Restaurants aren’t the only eateries in SoMa. Late night crowds know all about Midtown Billiards, the no-frills hangout and home to one of the best burgers in Little Rock, while early risers love the baked goods and delicious coffee coming out of both Community Bakery and Boulevard Bread Company. The beautiful Atlas Bar is SoMa’s newest addition and just down the block is Core Public House a craft beer taproom and Rock Town Distillery, offering guided tours, tastings and a full bar with cocktails centered around house-made bourbon, vodka, rum, gin and coffee liqueur, now calls SoMa home. Don’t forget about our only artisan ice cream maker in Little Rock, Loblolly Creamery, and its beloved shop right in the middle of everything at 1423 Main Street. Folks come for favorite flavors like salted caramel, double vanilla, and fresh mint chip. Loblolly also has the ability to partner with other SoMa restaurants and bars.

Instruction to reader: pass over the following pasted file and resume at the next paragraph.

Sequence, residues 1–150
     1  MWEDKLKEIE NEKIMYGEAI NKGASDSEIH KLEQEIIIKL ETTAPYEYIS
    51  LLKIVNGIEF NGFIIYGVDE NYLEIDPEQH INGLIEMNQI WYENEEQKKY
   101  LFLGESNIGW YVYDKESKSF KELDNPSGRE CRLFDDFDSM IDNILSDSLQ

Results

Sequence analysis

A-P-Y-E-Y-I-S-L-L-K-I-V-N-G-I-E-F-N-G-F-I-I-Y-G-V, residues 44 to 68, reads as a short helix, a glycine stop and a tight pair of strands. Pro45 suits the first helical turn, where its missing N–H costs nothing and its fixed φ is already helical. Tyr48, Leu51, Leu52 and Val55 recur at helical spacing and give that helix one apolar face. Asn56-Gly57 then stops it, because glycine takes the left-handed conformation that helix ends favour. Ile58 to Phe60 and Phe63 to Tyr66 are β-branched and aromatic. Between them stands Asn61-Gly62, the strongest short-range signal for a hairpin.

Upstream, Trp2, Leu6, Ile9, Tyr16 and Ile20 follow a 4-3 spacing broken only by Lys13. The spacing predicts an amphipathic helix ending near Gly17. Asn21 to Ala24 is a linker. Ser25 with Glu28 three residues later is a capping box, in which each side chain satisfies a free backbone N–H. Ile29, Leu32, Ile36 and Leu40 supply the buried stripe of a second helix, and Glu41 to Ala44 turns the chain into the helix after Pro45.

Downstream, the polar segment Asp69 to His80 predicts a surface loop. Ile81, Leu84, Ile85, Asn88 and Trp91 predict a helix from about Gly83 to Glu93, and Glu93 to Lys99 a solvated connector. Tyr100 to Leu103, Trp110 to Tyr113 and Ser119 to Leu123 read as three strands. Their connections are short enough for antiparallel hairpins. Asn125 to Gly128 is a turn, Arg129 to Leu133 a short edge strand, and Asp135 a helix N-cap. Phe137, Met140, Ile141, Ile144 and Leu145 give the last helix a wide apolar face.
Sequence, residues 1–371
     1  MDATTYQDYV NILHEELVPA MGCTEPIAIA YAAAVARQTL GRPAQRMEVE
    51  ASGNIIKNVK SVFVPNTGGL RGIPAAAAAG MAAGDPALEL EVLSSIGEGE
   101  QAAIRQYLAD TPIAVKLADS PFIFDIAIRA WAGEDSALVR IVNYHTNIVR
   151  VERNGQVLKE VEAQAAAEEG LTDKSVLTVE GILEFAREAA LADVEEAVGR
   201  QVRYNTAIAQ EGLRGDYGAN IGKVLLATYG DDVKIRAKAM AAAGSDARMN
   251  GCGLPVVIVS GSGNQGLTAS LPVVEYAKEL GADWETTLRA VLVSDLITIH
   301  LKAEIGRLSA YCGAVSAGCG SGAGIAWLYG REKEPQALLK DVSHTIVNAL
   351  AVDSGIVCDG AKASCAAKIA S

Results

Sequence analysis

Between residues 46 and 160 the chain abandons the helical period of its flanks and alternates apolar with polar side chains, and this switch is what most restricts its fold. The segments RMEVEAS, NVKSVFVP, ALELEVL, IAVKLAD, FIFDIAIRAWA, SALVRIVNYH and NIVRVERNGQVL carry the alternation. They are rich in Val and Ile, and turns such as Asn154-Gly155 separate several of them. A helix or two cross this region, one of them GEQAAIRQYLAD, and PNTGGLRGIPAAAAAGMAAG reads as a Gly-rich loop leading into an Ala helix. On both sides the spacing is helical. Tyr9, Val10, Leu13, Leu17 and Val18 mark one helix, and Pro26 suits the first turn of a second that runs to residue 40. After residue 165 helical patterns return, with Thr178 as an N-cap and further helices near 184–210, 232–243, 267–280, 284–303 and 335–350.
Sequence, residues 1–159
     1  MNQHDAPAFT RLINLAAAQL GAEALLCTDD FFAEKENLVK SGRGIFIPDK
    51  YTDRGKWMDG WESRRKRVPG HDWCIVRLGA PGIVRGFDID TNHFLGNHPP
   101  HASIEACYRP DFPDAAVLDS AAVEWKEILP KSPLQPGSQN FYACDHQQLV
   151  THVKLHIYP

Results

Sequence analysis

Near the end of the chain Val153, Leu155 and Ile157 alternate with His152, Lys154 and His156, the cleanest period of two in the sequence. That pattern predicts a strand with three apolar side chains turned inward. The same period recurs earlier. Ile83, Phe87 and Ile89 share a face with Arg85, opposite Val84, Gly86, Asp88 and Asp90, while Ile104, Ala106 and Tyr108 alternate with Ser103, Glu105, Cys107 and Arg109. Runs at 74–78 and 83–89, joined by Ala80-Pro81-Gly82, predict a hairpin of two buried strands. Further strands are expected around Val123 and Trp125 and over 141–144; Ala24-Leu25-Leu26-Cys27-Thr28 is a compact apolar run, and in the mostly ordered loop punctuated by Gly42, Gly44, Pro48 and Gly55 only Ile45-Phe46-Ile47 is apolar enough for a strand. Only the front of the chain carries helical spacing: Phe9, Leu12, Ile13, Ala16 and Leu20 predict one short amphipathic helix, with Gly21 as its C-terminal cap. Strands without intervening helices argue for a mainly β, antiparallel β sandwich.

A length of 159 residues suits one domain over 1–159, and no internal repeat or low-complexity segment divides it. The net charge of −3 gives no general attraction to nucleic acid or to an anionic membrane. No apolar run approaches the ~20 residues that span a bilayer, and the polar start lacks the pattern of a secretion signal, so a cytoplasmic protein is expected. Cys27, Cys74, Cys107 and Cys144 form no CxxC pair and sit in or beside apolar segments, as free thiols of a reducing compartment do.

“Rock Town Distillery sells our Rock Town Bourbon Marshmallows. Raduno gets our ice cream for specials from time to time, and The Root and Dos Rocas use our house-made maraschino cherries,” says co-owner Sally Mengel.
SoMa is also home to the Arkansas Cornbread Festival, an event that’s been going strong since 2011. Thousands of people come to South Main Street in late October for a Saturday filled with food, fun and entertainment, while supporting a festival that helps showcase neighborhood businesses. The Bernice Garden Farmers’ Market on Sunday mornings is also a big draw and starts back up this month.
Food and drink take center stage in most communities. While this is no different in SoMa, the positive change isn’t limited to the culinary scene. The ESSE Purse Museum, the only one of its kind in the country, calls SoMa home, as do local businesses like Electric Ghost, Moxy Modern Mercantile, M2 Gallery, Southern Blonde and Co. and The Green Corner Store. Simply put, the future looks bright for the neighborhood.
“One of the great things about SoMa is that it has the physical potential to grow. I envision someday a thriving business district that stretches from Interstate 630 all the way to Roosevelt, with lots of three-dimensional growth on side streets,” says Sundell. “There are currently two large developments in the works – a large apartment complex in the parking lot behind EZ-Mart and a mixed-use building at 15th and Main. More residents in the neighborhood will support more businesses, and more businesses will attract more residents. I think we’re just scratching the surface of SoMa’s potential.”
Cheers to that!